This is really a bit tangential, but I think it’s worth a short note. This article (curiously, though it bears a New York Times reporter’s byline, the version in the NYT is shorter than the one I’ve linked to) discusses a new study on China’s emerging gender imbalance.
Because of sex selection during pregnancy (female fetuses are aborted), there are significantly more young boys than young girls. The preference for boys arises in part because boys are obliged to support their parents as the parents age, while girls are presumed to marry and assist their husbands in supporting the husband’s parents. In addition to leading to wide use of sex-selective abortion, the preference for boys has also lead to the creation of a market for stolen boys. I touched on that last week.
What interests me is this passage, present in the Seattle Times version of the article but not that of the New York Times:
The gender imbalance could trigger a slew of social problems, including a possible spike in crime by young men unable to find female partners, said an author of the report.
“If you’ve got highly sexed young men, there is a concern that they will all get together and, with high levels of testosterone, there may be a real risk that they will go out and commit crimes,” said Therese Hesketh, a lecturer at the Centre for International Health and Development at University College London. She did not specify what kinds of crimes.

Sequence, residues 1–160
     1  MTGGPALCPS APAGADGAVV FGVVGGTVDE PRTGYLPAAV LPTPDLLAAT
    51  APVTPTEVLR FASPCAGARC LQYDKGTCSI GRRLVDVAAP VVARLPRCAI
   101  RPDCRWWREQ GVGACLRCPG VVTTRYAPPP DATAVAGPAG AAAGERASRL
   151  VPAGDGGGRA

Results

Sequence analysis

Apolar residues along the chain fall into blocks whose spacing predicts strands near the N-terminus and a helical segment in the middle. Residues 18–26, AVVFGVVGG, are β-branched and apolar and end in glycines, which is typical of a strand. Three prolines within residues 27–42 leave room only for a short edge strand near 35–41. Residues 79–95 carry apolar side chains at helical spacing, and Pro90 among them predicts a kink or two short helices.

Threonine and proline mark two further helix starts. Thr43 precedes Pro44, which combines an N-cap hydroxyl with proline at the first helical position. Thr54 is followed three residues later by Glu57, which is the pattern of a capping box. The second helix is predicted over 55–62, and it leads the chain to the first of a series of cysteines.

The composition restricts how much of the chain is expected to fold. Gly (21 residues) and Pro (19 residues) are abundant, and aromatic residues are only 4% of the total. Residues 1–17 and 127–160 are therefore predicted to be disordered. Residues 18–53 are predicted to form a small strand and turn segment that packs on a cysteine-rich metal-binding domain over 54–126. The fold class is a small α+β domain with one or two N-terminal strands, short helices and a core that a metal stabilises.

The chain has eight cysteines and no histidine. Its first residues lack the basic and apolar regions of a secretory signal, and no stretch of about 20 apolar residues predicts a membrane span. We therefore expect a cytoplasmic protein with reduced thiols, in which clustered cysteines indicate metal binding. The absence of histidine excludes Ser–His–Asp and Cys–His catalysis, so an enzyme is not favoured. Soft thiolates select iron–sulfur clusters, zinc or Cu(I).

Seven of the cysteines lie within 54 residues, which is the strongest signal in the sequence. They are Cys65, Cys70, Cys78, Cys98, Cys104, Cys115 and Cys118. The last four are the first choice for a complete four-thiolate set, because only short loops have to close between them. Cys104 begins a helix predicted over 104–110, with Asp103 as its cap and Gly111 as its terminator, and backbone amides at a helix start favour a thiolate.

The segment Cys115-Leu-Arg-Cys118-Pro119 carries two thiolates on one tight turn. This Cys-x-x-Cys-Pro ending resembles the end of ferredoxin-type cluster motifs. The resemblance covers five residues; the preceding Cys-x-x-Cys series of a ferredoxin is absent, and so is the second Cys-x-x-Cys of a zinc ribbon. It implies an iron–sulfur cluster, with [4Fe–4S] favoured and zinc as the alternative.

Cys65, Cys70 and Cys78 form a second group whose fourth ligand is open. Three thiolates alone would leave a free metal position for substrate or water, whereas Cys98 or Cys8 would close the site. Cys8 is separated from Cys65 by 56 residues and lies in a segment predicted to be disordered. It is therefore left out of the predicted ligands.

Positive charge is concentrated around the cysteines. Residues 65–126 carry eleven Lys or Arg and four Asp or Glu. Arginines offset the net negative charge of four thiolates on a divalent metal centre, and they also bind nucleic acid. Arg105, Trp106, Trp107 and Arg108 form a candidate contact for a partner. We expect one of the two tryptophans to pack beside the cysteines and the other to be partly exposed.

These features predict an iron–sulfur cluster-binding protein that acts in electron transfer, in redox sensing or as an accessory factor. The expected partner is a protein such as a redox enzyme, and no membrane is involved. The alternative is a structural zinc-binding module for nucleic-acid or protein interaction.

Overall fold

The implication here is that women stabilize or perhaps civilize men, that men without women are savage and dangerous.
This is an argument that is raised in the debate over same-sex marriage. Those supporting restricting access to marriage to different sex couples assert that society needs heterosexual marriage, because men need to be civilized by women. If we don’t encourage men to bind themselves to women (and vice versa) then chaos and anarchy ensue. By contrast, same sex couples do not need marriage, nor are these marriages socially useful. Women don’t need to be civilized or tamed, so two women together serves no particular social purpose. And what would we say about gay male couples? I shudder to think.
This in turn feeds into arguments about gendered parenting. The idea is that men and women are fundamentally different (and typically portrayed as complementary.) From there it isn’t a big step to say that children need a mother and a father–a female parent and a male parent–so that children with two mothers or two fathers or only one parent are missing out on something important.
As I say, this is a bit of a digression, but at the same time it’s important to note how pervasive notions about gender differences are and to examine the ways in which these notions are then gathered together to justify various social practices.